Jim Cramer: The Real Deal About Tariffs

 | Mar 22, 2018 | 6:16 AM EDT
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Here's the real deal with the tariffs you keep hearing about. The wealthiest people in this country -- the ones who actually own stocks -- have done quite well by free trade. Having a president in there opening doors for more trade, trying to get deals done has become the American way. In fact, our presidents, especially the last one, and many of our business leaders, believe it is our duty to help elevate the world's people. For some it is humanitarian, for others it is profitable as well as humanitarian.

President Trump does not share that orthodoxy and it is dawning on the wealthy elites that the free ride might be over.

Whole companies, fabulous companies, like FedEx (FDX) , like Starbucks (SBUX) , have relied on that open door policy to expand their businesses and everything the president initially did since he was elected helped those businesses.

The combination of corporate tax cuts and repatriation were huge boosts to all companies, not just the domestic ones, and you could sense -- palpably -- how confidence soared when the president got his way on these key tax issues.

And then he announced the tariffs.

These aren't in the elites' playbook. None of them. They are anti the religion of free trade and the elites have seen their worlds rocked.

The world has been unfair to US commerce for years. NAFTA's been terrible for the working person because while product is cheap at the stores, no manufacturer in this country -- unionized or non-unionized -- is going to be able to compete with Mexico with a stable, educated workforce making on average $5 an hour with no unions, no health care costs and very very little absenteeism and a currency that's 18 to one on the U.S. dollar.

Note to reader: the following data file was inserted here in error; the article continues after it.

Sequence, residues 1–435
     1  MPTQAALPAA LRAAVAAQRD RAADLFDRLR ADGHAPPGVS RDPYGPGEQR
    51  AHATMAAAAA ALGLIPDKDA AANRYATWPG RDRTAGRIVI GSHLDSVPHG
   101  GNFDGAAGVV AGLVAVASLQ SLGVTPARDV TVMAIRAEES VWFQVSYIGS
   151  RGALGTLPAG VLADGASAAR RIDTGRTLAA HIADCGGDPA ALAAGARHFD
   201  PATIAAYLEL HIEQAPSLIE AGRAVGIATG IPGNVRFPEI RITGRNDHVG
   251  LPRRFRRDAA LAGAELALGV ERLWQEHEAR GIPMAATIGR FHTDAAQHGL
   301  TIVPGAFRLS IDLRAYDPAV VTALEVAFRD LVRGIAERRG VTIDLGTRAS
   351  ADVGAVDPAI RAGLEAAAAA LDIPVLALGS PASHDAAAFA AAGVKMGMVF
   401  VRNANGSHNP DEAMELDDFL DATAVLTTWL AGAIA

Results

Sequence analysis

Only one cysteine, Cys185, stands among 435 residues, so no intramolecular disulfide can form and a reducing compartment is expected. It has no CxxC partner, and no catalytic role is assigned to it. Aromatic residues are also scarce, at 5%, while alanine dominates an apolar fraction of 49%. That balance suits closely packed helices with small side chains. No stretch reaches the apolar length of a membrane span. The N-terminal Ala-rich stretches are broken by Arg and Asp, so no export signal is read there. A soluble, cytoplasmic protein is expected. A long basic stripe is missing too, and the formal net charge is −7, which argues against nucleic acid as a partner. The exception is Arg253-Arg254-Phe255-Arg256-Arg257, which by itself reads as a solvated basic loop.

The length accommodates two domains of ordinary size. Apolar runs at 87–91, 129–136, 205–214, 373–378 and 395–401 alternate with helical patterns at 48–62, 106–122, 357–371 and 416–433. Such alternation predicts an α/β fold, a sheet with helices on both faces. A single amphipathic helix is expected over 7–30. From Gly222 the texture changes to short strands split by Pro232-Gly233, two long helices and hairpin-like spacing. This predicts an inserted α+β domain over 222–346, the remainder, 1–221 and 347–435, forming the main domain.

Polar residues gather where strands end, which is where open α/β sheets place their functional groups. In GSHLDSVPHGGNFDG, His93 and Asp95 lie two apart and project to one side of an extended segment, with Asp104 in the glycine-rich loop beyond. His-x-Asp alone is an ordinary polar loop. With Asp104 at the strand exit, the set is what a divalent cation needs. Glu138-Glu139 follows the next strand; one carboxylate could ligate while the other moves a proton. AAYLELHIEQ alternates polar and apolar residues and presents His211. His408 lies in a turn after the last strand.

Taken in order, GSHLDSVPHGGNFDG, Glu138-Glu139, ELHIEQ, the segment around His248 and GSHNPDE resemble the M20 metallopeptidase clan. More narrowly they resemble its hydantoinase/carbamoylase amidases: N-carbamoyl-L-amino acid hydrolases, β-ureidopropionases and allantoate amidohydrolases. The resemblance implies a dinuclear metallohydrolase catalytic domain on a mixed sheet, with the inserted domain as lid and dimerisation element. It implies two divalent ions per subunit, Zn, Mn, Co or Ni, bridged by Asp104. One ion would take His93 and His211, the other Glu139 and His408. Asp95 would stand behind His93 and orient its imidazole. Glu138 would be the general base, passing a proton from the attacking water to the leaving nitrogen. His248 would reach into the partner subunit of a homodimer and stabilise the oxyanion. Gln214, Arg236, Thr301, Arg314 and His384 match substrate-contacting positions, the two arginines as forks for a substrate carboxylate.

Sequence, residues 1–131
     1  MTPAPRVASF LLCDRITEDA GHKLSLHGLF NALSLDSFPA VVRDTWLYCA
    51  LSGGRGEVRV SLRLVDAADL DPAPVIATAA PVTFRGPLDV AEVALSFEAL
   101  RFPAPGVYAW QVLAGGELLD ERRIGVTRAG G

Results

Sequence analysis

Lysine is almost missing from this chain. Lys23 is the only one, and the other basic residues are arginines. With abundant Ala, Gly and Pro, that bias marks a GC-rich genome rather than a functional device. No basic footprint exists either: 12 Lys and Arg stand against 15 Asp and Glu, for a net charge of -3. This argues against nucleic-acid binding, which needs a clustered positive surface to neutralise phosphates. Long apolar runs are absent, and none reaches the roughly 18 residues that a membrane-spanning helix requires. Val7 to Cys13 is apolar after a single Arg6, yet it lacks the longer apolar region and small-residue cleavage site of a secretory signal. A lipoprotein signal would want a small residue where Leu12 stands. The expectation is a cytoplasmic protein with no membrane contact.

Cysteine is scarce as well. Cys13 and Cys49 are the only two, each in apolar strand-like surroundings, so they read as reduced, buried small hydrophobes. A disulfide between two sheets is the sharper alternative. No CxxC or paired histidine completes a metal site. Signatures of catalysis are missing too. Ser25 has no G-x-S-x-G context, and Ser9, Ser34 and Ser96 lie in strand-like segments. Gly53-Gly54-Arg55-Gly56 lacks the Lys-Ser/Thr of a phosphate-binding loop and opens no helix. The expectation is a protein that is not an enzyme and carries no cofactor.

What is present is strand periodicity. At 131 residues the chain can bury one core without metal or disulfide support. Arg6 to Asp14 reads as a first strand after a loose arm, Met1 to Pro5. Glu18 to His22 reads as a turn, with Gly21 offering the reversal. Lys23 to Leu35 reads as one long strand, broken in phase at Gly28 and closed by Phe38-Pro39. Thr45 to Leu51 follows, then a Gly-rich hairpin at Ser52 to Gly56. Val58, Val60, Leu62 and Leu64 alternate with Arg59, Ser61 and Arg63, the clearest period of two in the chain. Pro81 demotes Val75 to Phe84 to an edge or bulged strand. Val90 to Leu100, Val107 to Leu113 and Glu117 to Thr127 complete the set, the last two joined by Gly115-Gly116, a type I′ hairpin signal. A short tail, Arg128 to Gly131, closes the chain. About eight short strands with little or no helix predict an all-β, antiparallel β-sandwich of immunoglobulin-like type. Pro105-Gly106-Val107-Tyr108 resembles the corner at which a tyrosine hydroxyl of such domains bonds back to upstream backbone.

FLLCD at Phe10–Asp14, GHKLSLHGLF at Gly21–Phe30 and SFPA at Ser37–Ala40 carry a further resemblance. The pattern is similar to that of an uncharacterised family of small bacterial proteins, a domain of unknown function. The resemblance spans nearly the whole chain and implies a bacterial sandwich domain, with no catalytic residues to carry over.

No market has 1.3 billion people like China where every year tens of millions become wealthy enough to buy an Apple (AAPL) iPhone or travel on Boeing (BA) planes. Sure they steal our secrets, yes they take our manufacturing jobs, but boy oh boy do we make money there. Starbucks is ingrained. FedEx is a shipping company of choice for our markets. The idea of a dollar tariffs on Starbucks, something I asked CEO Kevin Johnson about, seemed fanciful 18 months ago. Now it seems plausible. FedEx planes being made to sit on the tarmac while Chinese shippers roll on? It's suddenly within the realm. And it doesn't need to be announced.

That's why a Fred Smith from FedEx says that if we are worried about not having enough steel and aluminum for fighter jets or tanks then let the Defense Department buy those materials rather than be sure the plants don't close. There's a lot at stake for the new, now threatened, American way.

Or to put it another way, Washington, for years, has agreed with the elites about how to amass fortunes; Washington has agreed with elites about international trade, smart kids coming out of school for years even understood the imperative of this regime which I would summarize as "they," including China, will let you sell a lot of product as long as you let them have the run of the manufacturing joint-and now you have a president who is saying "no that's no longer the case. That's not how it is going to be done any more."

And what happens? I think you are seeing the dangers of the stock market surface, because President Trump is turning the world of the elites upside down and their confidence is being rocked and they are turning sellers. At the same time the non-wealthy working people who could be helped by these new policies do not have the money to take the other side of the trade even if their confidence is emboldened.

This decline, this turmoil, isn't about the Fed. The hikes are a fact of life. It's about how Trump just pulled the comfy tax cut rug out from under the elites. It's not about a quarter point here, it's about a 25 cent tariff on a latte. It's not about three more hikes. It's about three hours on the tarmac. It's not about Jay Powell, it's about President Trump.

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